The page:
The spleen is located in the upper left part of our abdomen, tucked under the rib cage. It removes old red blood cells from circulation, and is a main organ of our immune system. As such, lots of blood runs through it, so if it gets ruptured in an accident, you can die. Sometimes the bleeding is brisk, but sometimes it just oozes slowly, so if you’re injured in that part of your body & have ongoing pain, cal 911 to get to an ER ASAP.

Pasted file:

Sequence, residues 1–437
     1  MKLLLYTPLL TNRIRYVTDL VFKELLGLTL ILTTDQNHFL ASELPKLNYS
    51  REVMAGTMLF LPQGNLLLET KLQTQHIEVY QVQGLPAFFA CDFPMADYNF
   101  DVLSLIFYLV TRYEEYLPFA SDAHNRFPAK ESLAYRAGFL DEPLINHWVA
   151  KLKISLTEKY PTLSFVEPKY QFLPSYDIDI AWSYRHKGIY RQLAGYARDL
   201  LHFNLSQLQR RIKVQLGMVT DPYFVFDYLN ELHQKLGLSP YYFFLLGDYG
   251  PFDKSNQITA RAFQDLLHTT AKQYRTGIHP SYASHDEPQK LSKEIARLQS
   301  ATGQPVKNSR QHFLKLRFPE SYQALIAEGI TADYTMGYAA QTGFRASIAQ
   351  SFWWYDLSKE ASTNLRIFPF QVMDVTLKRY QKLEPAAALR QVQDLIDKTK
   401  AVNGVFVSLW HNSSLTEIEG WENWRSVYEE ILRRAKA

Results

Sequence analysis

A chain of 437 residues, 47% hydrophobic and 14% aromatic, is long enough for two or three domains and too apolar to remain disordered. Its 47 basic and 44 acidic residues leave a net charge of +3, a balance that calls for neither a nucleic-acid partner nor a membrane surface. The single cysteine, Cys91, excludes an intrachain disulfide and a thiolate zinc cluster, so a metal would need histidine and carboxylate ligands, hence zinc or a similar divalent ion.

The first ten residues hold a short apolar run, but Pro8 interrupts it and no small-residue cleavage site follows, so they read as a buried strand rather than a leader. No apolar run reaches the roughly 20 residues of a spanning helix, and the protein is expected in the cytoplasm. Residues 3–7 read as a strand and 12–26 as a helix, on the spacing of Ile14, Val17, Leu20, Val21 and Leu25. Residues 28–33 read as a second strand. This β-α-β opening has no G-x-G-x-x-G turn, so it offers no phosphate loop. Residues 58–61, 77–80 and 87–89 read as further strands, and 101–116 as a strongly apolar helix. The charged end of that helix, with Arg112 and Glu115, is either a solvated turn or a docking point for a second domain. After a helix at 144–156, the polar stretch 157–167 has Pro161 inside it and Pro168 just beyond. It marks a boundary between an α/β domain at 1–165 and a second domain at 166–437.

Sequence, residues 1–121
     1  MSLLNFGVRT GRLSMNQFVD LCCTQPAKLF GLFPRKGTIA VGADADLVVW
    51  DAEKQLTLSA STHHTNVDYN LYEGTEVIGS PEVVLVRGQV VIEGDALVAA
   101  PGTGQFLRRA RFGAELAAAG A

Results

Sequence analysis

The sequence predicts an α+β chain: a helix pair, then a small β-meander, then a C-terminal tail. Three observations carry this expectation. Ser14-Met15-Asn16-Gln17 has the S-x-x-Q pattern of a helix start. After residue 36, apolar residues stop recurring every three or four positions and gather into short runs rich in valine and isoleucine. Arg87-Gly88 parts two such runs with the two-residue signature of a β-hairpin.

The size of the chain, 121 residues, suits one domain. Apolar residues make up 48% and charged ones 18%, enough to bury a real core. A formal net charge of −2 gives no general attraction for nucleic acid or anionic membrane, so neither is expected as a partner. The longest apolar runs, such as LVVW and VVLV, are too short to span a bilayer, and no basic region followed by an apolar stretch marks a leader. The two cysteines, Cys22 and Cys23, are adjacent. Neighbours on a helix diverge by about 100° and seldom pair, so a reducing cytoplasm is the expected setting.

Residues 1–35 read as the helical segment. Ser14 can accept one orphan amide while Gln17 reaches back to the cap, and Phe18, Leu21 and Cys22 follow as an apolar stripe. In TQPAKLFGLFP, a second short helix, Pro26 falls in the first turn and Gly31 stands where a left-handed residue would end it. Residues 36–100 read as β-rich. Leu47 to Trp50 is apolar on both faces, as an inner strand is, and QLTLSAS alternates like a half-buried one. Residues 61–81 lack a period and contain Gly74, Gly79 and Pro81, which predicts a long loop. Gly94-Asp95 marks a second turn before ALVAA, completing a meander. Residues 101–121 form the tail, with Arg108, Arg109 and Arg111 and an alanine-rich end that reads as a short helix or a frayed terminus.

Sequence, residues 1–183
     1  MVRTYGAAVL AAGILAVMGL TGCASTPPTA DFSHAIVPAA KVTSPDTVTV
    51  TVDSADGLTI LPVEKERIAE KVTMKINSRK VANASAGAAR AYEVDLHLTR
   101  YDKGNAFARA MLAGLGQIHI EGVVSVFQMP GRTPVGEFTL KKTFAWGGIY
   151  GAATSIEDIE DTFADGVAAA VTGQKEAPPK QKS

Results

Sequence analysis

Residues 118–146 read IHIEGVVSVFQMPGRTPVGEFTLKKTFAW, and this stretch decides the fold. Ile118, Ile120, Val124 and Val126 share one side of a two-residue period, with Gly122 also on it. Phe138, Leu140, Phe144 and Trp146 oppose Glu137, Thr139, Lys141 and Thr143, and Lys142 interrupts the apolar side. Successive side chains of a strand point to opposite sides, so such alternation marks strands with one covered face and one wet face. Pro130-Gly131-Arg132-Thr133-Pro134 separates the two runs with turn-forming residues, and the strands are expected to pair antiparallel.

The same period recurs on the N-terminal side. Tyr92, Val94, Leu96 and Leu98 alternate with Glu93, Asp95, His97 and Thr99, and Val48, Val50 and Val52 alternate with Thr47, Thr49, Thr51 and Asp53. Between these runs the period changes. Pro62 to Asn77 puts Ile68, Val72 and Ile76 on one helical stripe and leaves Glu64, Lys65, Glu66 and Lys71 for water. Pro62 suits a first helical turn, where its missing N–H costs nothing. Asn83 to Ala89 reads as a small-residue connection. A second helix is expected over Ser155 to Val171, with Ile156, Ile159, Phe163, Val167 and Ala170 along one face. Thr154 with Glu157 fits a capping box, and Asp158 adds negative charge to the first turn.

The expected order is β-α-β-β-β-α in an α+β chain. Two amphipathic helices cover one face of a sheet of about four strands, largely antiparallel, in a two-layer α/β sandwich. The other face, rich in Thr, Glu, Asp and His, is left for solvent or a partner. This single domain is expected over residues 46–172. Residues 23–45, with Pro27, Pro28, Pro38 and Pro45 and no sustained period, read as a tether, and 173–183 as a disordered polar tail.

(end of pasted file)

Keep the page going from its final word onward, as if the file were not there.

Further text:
We can live without a spleen, but will be at risk for overwhelming sepsis from certain bacterial infections. As such, everyone whose spleen has been removed should be vaccinated against Streptococcus pneumoniae (“pneumococcus”), Haemophilus influenzae (“H. flu”) and Neisseria meningitides (“meningococcus”). If you got these as a child, get a booster. Even if you’re vaccinated, if you get a fever, seek care immediately just in case. This is also true for people whose spleens don’t work well due to diseases like Sickle Cell or Spherocytosis, etc.